• I’m sorry but I don’t have any insights on different supplement brands. Other than looking at the label, there’s no way for me to comment on supplements. If the supplement actually contains what it says on the label, then yes, it’s probably a good source of sillymarin. The problem in US is that the regulations governing supplements are so lax that there’s no way to know what’s in those pills. Life Extension is a popular brand, so one would assume they pay attention to quality control and good manufacturing practices.

      You can try both omega-3 and sillymarin. Since your acne is on the moderate/severe side there’s a good chance that taking supplements helps.

  6. Hi Seppo,

    I’m thinking of taking an Omega 3 supplement as I don’t consume much fish on a regular basis. Would you recommend Nordic Natural’s Omega 3 supplement or Xtend-life’s Omega 3 Premium? Those are the two that I’m currently interested in due to their cGMP, Certificate of Analysis, low PCB content and just overall quality.

    • It’s very difficult for me to comment on individual supplement brands. I really have no unique insights into which supplements are good and which are not. If the company has good quality control practices in place, then they are probably good ones to try.

  7. Hello seppo. What do you think of Alpha Lipoic Acid. I have read that it is very good for insulin sensibility and also it does renew vitamin c and e in humans. Also it does activate the main body antioxidant glutathion.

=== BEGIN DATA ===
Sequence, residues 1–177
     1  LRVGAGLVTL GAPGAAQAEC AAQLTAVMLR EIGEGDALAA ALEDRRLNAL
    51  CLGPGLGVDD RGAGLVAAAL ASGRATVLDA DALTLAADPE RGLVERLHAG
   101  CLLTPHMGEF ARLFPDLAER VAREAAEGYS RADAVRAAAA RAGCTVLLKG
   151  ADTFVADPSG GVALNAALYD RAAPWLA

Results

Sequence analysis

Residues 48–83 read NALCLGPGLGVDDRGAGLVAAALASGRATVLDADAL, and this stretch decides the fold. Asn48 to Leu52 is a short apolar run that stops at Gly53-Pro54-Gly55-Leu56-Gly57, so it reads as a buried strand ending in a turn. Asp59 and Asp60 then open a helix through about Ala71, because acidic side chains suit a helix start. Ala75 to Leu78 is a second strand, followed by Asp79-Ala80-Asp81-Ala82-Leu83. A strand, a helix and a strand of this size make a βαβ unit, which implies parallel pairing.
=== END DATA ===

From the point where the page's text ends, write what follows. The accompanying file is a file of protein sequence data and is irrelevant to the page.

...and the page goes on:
Thank for your replys. You are saving my head off confusion 😀

    • I haven’t looked into ALA before, but I did some reading on it. Can’t say I’m overtly impressed with what I read. I found a few studies on insulin sensitivity and the results were mixed, at best. One study showed an improvement, another was dead negative and third one so-so.

      I does seem to act as an antioxidant and as such could be useful for people with moderate/severe forms of acne.

      Also, please don’t put your email into the URL field. It often puts the comment into the moderation queue as it’s flagged for link spam.

  8. With a bio like Artemis P. Simopoulos, M.D.
    I think that she must know about omega-6 / omega-3 ratio…

    She did this article after research with astronauts